Plaintiff claimed that, under the FDA regulation, Kroger could use a No Sugar Added label only if sugar is normally added to the specific product that Kroger’s 100% apple juice product was intended to “resemble” or “substitute”—i.e., apple juice. The FDA, on the other hand, expressed a different view in a letter responding to a public interest group of some sort. According to the FDA, the comparison product need not have “the same name or the same juice content.” In the case of Kroger’s 100% apple juice product, this meant that it could be considered a “substitute” for a broader range of products than proposed by plaintiff, including “juice with added sugar, fruit-flavored soft drinks sweetened with sugar, or other sugar-sweetened beverages.” Id. at *6-7.

The district court had to decide whether to accept this FDA interpretation. To do this, the court had to determine whether, under Auer v. Robbins, 519 U.S. 452, 461–62, (1997), the FDA’s interpretation was “plainly erroneous or inconsistent with the regulation.” The court held that it was not. Rather, it found the FDA’s interpretation to be the result of a fair and considered judgment. The court gave the FDA’s interpretation deference and, accordingly, held that plaintiff’s claims were preempted. Id. at *6-7.

Interestingly, plaintiff argued that the court should not defer to the FDA’s interpretation because the FDA had staked out “nothing more than a convenient litigating position.” Id. at *6. That argument, if anything, backfired. The district court was not aware of any litigation actually involving the FDA in which its interpretation of this regulation was at issue. Rather, the FDA stated its interpretation of the regulation in response to the letter from the public advocacy group.

On the other hand, the district court noted that plaintiff’s counsel had, in fact, brought similar claims that were dismissed by other courts. With this history in mind, the court admonished plaintiff’s “counsel to tread carefully in continuing to bring these particular claims.” Id. at *7.

It would seem to go without saying that for a defendant to be liable for the purported “common-law” claim of failure to report adverse events to the FDA, there must actually be some adverse events that needed to be reported.  One would think so, but certain California breast implant plaintiffs (yes, some still exist) would beg to differ – at least they did before the recent decision in Mize v. Mentor Worldwide LLC, No. BC649083, slip op. (Cal. Super. Oct. 1, 2018).

One problem that that current breast implant litigants face that their more numerous predecessors did not is preemption.  All that earlier litigation caused the FDA to upclassify breast implants to Class III, pre-market approved devices, and PMA means preemption.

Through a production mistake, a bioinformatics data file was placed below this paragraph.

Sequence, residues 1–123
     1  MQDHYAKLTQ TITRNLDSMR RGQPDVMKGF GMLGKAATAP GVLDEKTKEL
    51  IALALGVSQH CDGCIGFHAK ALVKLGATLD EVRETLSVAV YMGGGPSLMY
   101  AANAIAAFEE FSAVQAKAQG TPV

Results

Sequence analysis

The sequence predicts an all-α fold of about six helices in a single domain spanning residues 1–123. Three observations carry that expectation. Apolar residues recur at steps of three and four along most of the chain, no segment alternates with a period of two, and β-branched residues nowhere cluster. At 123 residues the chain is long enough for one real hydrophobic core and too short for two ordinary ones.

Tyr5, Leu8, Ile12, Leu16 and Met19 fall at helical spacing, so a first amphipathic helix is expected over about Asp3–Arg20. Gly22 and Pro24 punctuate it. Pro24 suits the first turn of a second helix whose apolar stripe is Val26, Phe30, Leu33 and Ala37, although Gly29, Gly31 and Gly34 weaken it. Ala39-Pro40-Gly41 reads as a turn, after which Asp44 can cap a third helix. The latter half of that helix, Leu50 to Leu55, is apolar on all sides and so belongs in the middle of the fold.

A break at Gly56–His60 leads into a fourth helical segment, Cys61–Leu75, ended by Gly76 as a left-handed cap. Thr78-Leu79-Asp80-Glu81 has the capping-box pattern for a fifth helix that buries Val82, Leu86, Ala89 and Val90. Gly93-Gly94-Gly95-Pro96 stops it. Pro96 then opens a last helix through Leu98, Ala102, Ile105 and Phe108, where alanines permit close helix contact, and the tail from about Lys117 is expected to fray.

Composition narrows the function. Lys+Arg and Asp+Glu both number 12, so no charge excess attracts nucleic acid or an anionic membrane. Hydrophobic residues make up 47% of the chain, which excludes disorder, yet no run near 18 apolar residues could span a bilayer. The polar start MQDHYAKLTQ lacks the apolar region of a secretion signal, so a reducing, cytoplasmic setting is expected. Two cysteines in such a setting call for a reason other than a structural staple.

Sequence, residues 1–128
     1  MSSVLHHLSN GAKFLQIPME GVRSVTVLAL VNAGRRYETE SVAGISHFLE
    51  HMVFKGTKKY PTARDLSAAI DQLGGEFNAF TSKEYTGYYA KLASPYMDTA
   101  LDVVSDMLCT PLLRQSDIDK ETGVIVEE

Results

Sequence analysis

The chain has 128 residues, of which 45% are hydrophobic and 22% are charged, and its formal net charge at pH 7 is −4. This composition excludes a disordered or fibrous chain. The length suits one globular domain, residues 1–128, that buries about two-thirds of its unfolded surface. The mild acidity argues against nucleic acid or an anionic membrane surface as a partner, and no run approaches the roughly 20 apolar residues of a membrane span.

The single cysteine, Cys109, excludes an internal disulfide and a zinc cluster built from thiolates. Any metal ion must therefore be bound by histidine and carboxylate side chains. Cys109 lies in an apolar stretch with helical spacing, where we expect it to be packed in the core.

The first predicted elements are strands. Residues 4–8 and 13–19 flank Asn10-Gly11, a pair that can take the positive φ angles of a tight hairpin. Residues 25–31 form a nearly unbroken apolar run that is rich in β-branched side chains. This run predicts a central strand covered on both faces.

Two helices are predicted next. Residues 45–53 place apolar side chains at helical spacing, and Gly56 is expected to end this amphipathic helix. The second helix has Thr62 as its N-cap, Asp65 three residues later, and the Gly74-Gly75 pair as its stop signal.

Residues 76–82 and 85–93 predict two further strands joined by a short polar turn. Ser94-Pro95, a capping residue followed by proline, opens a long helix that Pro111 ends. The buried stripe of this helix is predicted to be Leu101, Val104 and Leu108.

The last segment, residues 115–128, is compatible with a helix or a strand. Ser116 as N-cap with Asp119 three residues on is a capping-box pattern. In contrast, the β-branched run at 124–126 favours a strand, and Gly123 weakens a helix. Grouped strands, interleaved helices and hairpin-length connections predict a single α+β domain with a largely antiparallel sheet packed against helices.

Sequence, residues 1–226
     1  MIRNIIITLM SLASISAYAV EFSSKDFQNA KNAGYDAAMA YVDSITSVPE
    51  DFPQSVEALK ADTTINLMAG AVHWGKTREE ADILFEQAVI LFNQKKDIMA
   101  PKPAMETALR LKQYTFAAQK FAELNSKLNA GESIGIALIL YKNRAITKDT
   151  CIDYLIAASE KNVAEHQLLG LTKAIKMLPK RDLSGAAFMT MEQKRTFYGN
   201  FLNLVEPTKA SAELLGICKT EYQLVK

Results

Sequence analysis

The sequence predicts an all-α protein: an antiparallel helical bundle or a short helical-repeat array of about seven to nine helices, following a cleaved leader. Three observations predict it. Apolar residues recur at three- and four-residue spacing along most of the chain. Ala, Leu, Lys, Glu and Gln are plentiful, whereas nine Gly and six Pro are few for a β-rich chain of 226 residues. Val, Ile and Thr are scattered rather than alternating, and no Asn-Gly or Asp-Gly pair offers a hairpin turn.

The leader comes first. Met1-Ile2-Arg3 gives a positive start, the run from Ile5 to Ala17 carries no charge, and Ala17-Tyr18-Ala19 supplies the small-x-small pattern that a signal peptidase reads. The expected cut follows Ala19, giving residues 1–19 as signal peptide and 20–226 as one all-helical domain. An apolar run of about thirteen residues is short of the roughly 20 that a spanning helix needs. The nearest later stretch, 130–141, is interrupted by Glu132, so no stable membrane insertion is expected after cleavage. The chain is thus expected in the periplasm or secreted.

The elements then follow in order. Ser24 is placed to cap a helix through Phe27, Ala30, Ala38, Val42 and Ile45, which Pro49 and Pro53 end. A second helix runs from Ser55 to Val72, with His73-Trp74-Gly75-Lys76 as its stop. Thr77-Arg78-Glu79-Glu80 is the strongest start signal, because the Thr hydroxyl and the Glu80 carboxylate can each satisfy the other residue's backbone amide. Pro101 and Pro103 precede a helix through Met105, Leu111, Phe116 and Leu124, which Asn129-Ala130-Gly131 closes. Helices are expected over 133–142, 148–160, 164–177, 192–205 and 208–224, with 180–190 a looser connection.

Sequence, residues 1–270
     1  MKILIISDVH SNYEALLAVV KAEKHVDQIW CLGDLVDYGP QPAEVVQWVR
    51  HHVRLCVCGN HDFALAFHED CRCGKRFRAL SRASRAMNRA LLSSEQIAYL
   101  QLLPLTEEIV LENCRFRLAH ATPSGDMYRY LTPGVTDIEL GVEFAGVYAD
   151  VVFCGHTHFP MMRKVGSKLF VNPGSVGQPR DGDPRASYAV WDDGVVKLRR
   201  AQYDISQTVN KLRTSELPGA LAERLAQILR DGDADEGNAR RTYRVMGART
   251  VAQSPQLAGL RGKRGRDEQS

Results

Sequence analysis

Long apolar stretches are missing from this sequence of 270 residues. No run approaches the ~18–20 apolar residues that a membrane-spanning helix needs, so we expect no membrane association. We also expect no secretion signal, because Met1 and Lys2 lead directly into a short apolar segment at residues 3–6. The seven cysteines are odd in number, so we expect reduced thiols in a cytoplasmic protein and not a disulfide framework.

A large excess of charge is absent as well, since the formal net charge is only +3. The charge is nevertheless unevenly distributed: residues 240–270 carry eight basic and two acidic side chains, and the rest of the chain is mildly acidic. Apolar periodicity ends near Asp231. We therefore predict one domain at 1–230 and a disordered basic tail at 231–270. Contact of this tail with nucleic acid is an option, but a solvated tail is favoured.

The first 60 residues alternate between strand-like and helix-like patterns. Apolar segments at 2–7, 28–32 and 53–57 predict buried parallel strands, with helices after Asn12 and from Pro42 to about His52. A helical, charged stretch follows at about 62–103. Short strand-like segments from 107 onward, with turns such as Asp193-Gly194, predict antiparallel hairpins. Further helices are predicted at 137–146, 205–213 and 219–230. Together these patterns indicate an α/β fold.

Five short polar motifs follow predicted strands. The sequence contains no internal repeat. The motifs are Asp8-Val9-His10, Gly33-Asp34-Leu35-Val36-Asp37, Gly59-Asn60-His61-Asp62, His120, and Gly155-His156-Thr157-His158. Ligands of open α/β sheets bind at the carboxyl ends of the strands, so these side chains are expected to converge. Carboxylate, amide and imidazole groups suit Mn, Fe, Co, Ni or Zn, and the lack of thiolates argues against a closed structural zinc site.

In California, that also means the filing of half-baked, failure-to-report claims that no self-respecting plaintiff would otherwise bring, as a way to allege something that gets around preemption.  Trouble is, these breast implant plaintiffs can’t even allege that the defendant didn’t report any adverse incidents.  Even what plaintiff did allege was notably speculative:

Plaintiff now has alleged, however, that if [defendant] had reported additional adverse incidents subsequent to 2000, and if the FDA had made such incidents public, and if Plaintiff’s doctors had been aware of such reports, Plaintiff’s doctors might have provided an earlier diagnosis leading to earlier surgery to remove the implants and Plaintiff’s damages . . . might have been lessened.

Slip op. at 5. That’s a lot of “what ifs” piled on top of “what ifs,” but this plaintiff couldn’t even get to that.

There weren’t any unreported adverse events.

So the plaintiff tried to make them up.

The entire questionable “causal chain” wasn’t based on any known, but unreported, events at all, but rather on allegations about how studies were conducted:

[I]t is premised on [defendant’s] failure to report adverse incidents that were not detected because of how [defendant] conducted the studies rather than on a failure to report adverse incidents that actually occurred.

Id.  Even for a liberal jurisdiction, that was just too much.  There must be something that actually wasn’t reported.

Because Plaintiff has failed to allege facts showing that [defendant] failed to report actual adverse events that in fact occurred, the failure to warn (failure to report adverse events) claim is preempted because plaintiff has failed to allege how [defendant’s] actions in conducting these studies violated federal law.

Id.

While the Mize court “adopted the reasoning” of Ebrahimi v. Mentor Worldwide LLC, 2017 WL 4128976 (C.D. Cal. Sept. 15, 2017) – a case we discussed hereMize was really a step into fantasy beyond even Ebrahimi.  As pleaded, Ebrahimi at least involved allegations that (vaguely) alleged that events weren’t reported.  Mize didn’t.  She seems to have been alleging that the defendant was obligated to conduct studies in a way that maximized the number of reportable adverse events.  That “duty” is, of course, contrary to tort policy and medical ethics, both of which seek to reduce, not increase, product injuries.

The plaintiff in Mize also tried to allege a “manufacturing defect,” but that didn’t fare any better.  Lacking any direct evidence, plaintiff tried to rely on “allegations that supported . . . [a] 1998 Consent Decree.” Slip op. at 3.  But plaintiff’s implant wasn’t manufactured until at least two years after that decree, and the decree itself was “evidence of a promised change in practices,” so the decree could not be evidence of any defect in the device implanted in the plaintiff.  Id.  Again, simple logic seems beyond the plaintiff in Mize.